UPDATE: The council was not cowed by Mayor Murray's letter. In addition to unanimously passing new regulations on aPodments this afternoon, the council's land use committee added a series of amendments that put tougher restrictions on microhousing developers.
"Regulations are needed for this type of development, but our regulations need to help and not hinder the process and the outcomes we are hoping to achieve. And one of those achievements is more housing. That is a priority." —Mayor Murray
The baseline legislation brings aPodments into the design review threshhold, which aPodment developers had avoided since the microhousing innovation started getting popular almost two years ago by under-counting dwelling spaces. (Eight spaces, for example, only counted as one unit due to lax definitions). The legislation triggers design review by forcing aPodment developments to count each actual living space.
However, the council added a series of amendments to the legislation today—requiring two sinks, requiring .75 biking spaces per unit, setting a square footage minimum (220 square feet) as opposed to an average—that Murray opposed.
The full council will take up the legislation on October 6.
"You're clamping down on what can be built and that means bigger—and fewer—units," says developer lobbyist Roger Valdez. "They're eliminating supply."
As the City Council's land use committee was meeting today to vote on regulations for aPodments, Mayor Ed Murray sent a letter warning them against passing a series of amendments to the legislation.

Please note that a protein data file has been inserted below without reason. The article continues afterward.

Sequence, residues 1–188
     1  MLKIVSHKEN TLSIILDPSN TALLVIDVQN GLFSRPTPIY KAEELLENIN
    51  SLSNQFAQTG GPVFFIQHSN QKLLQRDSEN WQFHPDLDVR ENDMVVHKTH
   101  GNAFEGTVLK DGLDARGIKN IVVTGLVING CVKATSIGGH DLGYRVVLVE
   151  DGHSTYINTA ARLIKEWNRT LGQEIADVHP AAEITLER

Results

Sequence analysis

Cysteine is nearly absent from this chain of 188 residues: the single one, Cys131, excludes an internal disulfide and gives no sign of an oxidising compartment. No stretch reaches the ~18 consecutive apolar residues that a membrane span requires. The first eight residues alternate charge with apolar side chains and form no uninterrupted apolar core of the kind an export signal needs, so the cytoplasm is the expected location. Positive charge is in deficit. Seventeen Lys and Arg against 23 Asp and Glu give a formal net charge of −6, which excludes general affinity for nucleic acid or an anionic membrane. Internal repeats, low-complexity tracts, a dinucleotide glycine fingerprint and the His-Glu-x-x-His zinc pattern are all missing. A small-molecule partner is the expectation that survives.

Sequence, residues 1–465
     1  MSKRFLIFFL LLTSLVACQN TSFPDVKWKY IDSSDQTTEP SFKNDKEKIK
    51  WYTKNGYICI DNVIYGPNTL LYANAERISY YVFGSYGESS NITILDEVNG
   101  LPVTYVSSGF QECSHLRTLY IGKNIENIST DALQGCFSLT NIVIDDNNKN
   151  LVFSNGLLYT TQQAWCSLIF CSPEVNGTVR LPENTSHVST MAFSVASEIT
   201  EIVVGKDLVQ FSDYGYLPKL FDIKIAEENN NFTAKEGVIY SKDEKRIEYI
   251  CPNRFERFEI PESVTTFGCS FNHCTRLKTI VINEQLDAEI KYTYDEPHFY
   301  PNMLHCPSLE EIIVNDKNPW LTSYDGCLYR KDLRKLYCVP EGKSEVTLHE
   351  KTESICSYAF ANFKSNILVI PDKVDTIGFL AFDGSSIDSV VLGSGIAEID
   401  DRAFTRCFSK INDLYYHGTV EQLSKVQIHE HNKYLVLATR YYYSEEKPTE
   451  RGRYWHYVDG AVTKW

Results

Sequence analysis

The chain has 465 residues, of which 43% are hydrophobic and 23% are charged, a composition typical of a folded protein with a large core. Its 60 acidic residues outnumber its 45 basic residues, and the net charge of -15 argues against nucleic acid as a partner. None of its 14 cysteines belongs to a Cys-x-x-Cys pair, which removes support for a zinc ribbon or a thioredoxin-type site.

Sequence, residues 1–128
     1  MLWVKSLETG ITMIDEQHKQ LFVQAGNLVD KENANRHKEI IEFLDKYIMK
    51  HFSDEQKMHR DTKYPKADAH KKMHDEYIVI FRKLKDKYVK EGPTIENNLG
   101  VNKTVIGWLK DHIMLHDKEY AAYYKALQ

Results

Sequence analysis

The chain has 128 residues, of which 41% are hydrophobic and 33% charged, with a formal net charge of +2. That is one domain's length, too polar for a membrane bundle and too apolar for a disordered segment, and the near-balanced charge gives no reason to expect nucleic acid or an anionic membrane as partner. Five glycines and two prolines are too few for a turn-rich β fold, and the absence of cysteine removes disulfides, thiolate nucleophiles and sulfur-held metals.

The amendments, Murray worries in his letter would increase the price of the units.
Specifically, the amendments would: increase the number of sinks required in the units from one to two; increase the size of the required communal space (and not allow the laundry facility to count toward that calculation); increase the number of required bike parking spaces; and set a hard unit size minimum at 220 square foot.
O'Brien's current proposal sets an overall average square footage per unit at 220 square feet, which in theory, allows a range of smaller and bigger sizes.
Murray wrote today:
As you know, I sent down legislation, C.B. 118067 earlier this year. My intent was to better regulate the development of micro-housing and congregate residences by defining this type of development within the Land Use Code; prohibiting micro-housing development in single-family zones (congregate residences are already prohibited); applying a design review threshold by the size of the building (not number of dwelling units); and providing notice to neighbors as part of the Design Review process.
These were the concerns I was hearing and that is why I responded quickly with legislation.
Wanting to conduct more outreach, Council convened a working group to dig deeper into the issues that were of most concern. As a result of that stakeholder group, a substitute bill was introduced.
For the most part, I was supportive of the proposed approach of C.B. 118201, to regulate small efficiency dwelling units and congregate residences, though I was mindful about how more restrictive regulations could make these types of developments too cost prohibitive to build.
Several amendments are being considered at today’s Planning, Land Use, and Sustainability Committee. As you review the proposed amendments to the legislation, I urge you to keep the affordability issue in mind. I am concerned about indirectly regulating density through land use code standards related to storage space and other amenities, and the unintended consequences that may occur as a result.
Regulations are needed for this type of development, but our regulations need to help and not hinder the process and the outcomes we are hoping to achieve. And one of those achievements is more housing. That is a priority.
With that in mind, I look forward to working with you and the Housing Advisory Committee on the Housing Affordability and Livability Agenda in the months ahead, and developing a bold and actionable suite of recommendations to increase housing affordability and options and neighborhood livability in Seattle.
Mayor Edward B. Murray
"Yeah," Murray communications director Jeff Reading tells PubliCola.